All day Thursday, August 10, presidential aides and supporters dutifully spread the word that Bush's decision on stem cell research was based on principle rather than polls. In fact, the statement delivered on national television Thursday night was a carefully crafted study in ambiguity calculated to minimize political damage from an issue that has ardent partisans on both sides. Groundwork for the compromise had been laid by top Bush advisor Karl Rove, in meetings earlier this year. Concerned about the effect of a compromise position on stem cell research with politically active Catholics, pro-life activists, and other conservatives, Rove is reported to have reassured representatives of these constituencies that even though they might lose part of the stem cell debate, the president was on their side. Half an hour before the Bush speech, staffers began phoning supporters and critics with advance word of the decision in a clear attempt to influence political reaction. Given the ambiguous and sometimes misleading pronouncements of the decision itself, the event appears to have been more aimed dispelling the widespread image of Bush as an intellectual lightweight who is out of touch with the common folk than to actually address the underlying issues.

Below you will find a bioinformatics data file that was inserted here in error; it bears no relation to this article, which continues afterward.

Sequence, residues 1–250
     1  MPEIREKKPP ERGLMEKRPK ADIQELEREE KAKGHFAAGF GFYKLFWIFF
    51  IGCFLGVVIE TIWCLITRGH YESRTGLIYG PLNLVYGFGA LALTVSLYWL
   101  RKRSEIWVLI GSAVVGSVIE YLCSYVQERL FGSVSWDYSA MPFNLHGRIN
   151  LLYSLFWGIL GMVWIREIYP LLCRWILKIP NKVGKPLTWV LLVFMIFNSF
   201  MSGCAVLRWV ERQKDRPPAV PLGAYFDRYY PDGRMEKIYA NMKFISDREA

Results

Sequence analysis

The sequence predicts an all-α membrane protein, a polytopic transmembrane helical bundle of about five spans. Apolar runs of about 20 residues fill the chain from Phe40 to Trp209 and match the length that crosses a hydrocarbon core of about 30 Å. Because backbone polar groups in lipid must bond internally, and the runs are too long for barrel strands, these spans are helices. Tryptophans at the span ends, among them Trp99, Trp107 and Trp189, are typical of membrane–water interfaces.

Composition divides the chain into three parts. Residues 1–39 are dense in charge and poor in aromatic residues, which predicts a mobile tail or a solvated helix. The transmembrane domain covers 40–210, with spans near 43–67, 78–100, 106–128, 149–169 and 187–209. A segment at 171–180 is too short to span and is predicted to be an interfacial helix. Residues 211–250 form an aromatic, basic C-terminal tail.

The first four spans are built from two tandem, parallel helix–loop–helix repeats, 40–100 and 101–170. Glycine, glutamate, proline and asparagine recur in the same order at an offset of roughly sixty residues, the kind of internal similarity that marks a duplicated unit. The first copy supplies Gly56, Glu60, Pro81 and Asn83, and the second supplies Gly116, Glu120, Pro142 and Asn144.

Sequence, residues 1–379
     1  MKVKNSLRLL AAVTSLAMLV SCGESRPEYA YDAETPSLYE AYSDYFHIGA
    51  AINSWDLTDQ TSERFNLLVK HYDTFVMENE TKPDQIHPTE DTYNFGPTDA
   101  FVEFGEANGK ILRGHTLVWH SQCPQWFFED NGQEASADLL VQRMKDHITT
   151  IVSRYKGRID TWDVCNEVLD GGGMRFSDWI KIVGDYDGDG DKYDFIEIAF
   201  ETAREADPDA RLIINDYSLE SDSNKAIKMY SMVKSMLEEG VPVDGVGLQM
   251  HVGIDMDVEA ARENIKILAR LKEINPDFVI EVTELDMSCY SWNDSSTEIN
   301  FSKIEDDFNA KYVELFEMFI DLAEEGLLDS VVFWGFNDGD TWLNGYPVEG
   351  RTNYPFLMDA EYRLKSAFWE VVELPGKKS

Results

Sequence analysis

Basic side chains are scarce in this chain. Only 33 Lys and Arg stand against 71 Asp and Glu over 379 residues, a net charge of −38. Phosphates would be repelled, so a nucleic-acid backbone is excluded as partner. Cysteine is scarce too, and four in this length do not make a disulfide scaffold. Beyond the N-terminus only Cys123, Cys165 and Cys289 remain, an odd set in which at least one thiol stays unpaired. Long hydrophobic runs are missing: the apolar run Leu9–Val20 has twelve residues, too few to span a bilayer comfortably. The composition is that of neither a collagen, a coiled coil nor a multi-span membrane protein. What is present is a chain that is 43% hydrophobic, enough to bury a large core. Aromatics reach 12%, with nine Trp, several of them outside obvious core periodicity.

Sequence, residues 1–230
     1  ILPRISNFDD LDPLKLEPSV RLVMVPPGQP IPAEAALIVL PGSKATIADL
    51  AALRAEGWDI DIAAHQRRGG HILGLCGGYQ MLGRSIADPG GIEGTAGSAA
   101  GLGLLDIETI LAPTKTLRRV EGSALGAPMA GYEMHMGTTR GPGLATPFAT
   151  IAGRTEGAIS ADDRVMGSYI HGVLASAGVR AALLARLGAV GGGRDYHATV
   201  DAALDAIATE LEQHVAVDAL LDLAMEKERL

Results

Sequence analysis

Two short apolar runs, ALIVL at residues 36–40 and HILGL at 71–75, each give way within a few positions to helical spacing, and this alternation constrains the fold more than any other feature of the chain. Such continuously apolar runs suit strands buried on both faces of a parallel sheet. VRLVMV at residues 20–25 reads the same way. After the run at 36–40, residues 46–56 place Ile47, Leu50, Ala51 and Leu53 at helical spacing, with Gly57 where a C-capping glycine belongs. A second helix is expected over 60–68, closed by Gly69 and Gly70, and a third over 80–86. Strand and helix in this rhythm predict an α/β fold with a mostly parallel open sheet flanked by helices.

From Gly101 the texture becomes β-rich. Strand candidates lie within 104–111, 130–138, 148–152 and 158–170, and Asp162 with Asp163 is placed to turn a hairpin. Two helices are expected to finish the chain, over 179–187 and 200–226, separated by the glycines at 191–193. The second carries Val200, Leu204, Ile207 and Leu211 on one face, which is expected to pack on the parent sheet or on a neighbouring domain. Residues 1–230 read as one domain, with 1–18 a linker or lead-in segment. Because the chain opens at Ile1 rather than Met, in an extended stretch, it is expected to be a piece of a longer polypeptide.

Prime time national television is "a format that presidents traditionally reserve for explaining military actions or trying to extract themselves from difficult political binds." Details of the presentation seemed carefully crafted for political impact. For instance, the setting for the speech, the original house on the Bush Crawford ranch, was selected because it is simpler and plainer than the house Bush lives in currently. An unidentified administration official suggested to the NY Times that the timing and trappings of the announcement may have been intended to counter the image of the president as more interested in vacationing with his cows than attending to the business of the nation. "Look at the cosmetics of this," he said. "They now have his logo down there, paid for by taxpayer dollars, that says`Western White House'. There is no Western White House. They're clearly trying to push back on this notion that he's not engaged and out of touch." The number and seniority of administration officials making the round of network news shows underscored the extent of the containment effort. Presidential counselor Karen P. Hughes gave an hour-long briefing on Friday, August 10, in an attempt to validate the rhetoric about Bush's serious consideration of the issue. Props in her presentation included a day-by-day account of Bush's meetings, and a three-inch briefing book that had been prepared for him.